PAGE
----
13:30  Principles  This segment focusses principles you can apply in your business today.

The Courtier

In this segment, we delved into the depths of Renaissance literature with a discussion on The Book of the Courtier by Baldassare Castiglione, a classic that has piqued the interest of readers for centuries. Steve embarked on this literary journey over the summer, while David revisited the text, having been familiar with its nuances from previous reads.

David introduced the book as a sophisticated leap from Machiavelli's The Prince, suggesting it as a more intricate exploration of navigating the corridors of power. However, as Steve navigated through the dialogues of aristocrats debating over several evenings, his initial intrigue gave way to frustration. The debates, lacking in evidence or strong argumentation, reminded Steve of baseless talkback radio calls, where confidence often overshadows substance.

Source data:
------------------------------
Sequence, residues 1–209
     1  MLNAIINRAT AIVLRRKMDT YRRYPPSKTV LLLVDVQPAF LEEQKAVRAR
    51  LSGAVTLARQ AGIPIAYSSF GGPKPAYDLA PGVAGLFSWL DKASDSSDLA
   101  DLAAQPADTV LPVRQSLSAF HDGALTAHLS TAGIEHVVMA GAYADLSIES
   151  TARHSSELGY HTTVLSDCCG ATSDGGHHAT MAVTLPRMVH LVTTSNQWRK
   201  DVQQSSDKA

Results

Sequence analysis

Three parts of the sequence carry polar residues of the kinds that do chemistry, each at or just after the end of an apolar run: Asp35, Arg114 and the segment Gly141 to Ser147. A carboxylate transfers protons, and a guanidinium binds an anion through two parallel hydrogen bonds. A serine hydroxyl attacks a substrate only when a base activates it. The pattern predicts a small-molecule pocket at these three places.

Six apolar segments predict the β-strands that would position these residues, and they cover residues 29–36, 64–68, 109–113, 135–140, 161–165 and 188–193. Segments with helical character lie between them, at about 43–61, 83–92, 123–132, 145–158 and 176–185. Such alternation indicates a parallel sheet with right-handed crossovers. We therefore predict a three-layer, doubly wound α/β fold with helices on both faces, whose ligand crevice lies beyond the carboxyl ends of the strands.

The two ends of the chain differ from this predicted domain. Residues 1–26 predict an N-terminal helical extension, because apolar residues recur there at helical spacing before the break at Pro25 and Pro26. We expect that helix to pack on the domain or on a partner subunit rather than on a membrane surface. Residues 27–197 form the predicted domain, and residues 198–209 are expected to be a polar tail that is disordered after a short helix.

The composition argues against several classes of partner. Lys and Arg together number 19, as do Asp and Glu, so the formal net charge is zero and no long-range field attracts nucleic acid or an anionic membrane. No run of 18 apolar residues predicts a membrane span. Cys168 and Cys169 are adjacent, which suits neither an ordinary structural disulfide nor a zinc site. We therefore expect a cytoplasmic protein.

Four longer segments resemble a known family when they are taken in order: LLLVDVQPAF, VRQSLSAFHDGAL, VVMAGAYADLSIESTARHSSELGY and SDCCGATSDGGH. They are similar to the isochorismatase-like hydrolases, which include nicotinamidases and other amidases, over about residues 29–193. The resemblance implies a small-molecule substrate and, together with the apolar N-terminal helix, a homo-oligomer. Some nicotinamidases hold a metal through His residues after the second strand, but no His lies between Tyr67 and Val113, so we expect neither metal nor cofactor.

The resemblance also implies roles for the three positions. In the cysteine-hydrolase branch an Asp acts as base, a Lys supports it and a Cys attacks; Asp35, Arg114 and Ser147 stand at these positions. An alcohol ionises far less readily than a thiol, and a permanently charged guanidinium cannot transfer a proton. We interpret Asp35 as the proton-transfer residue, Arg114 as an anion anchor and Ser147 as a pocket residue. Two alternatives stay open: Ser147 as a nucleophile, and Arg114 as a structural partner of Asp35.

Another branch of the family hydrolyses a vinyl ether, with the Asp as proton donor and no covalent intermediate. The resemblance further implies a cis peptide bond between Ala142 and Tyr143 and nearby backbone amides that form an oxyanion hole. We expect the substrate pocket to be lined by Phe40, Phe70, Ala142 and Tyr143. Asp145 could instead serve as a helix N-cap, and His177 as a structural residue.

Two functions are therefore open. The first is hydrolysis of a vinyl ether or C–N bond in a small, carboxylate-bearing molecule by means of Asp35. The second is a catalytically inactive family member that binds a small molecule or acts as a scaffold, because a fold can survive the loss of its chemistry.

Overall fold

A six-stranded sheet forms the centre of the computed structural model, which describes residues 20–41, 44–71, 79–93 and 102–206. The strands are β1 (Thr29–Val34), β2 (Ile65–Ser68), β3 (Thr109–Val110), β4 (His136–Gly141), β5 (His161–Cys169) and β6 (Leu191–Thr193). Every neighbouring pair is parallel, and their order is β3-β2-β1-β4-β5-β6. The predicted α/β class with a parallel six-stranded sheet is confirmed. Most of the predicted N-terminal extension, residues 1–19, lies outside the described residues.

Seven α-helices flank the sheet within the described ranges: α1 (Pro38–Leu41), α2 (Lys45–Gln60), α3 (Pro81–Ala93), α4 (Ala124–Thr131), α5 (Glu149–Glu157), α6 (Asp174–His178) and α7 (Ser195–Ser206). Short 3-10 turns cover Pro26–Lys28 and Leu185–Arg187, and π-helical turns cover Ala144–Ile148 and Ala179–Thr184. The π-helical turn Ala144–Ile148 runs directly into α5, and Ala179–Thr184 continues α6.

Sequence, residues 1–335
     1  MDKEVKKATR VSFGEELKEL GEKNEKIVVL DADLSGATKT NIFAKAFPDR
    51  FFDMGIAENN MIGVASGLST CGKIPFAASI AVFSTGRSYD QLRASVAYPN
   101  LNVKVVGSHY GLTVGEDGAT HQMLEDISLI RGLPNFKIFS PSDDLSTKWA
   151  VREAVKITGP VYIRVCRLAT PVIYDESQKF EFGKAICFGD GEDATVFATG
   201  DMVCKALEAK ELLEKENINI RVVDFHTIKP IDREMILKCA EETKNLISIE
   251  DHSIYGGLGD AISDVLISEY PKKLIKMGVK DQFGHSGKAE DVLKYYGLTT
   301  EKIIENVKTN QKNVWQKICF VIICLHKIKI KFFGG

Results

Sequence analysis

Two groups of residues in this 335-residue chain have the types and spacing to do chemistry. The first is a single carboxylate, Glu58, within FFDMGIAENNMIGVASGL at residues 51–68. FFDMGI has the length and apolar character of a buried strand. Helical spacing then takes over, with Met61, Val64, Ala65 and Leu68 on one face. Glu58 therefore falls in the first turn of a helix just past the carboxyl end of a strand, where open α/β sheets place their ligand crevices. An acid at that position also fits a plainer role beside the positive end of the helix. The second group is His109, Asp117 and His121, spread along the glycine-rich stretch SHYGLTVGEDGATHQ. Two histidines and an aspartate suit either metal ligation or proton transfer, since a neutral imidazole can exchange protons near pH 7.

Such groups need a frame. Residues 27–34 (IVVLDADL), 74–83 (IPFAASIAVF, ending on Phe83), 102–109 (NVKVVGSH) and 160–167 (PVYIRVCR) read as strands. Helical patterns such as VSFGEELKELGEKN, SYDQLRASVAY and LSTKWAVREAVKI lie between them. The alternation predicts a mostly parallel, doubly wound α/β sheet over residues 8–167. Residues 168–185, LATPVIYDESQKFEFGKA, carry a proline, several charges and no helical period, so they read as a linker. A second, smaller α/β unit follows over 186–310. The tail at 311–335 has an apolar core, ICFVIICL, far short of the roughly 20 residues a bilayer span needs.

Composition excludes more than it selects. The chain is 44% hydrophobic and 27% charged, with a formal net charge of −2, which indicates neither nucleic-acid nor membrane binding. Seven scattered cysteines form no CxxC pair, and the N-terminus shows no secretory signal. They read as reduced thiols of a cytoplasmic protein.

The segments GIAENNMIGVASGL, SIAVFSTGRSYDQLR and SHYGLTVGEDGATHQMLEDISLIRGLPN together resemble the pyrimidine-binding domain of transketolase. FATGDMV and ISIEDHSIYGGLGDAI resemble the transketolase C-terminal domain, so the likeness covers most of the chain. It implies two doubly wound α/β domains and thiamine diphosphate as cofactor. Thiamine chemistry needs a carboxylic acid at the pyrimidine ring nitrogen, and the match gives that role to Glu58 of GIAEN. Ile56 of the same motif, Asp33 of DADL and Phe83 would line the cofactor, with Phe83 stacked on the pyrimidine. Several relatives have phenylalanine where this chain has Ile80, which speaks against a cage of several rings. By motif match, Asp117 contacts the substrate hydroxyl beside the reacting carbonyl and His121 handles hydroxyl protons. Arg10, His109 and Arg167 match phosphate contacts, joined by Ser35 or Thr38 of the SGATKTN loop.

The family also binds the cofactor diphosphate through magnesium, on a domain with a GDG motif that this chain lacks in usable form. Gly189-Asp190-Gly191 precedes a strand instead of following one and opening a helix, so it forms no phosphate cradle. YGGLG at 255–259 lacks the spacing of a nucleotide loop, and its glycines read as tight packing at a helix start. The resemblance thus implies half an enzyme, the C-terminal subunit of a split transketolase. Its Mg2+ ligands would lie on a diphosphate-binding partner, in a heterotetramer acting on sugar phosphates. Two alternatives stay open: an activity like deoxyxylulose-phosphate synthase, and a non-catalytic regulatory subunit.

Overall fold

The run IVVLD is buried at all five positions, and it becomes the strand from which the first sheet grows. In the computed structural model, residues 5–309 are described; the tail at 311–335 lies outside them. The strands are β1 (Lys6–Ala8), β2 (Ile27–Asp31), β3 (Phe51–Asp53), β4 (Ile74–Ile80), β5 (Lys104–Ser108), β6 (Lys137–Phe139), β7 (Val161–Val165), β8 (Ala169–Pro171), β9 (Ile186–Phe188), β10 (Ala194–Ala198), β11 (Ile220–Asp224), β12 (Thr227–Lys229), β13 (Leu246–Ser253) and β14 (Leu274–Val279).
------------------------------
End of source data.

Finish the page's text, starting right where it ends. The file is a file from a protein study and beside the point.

The crux of their discussion focused on a passage where Lord Gaspare Pallavicino challenges the notion of nobility of birth being essential for a courtier. This debate within the book highlights the arbitrary nature of social status and the role of fortune in elevating or diminishing individuals, irrespective of their virtues or origins.

Steve expressed his frustration, feeling disconnected from the aristocratic banter, which seemed detached from practical wisdom or empirical evidence. David, on the other hand, appreciated the book's underlying message about the importance of understanding and advising within the context of one's audience, especially when that audience operates within a significantly different social or economic sphere.

David's perspective sheds light on the essence of Castiglione's work: the art of effective counsel lies not in imposing one's ideas but in tailoring advice to the client's world. This approach resonates with both their professional experiences, underscoring the importance of empathy, contextual understanding, and the ability to facilitate decisions without imposing embarrassment or disrespect.

21:30  Problems  This segment answers questions we've received from clients or listeners.

Email Deliverability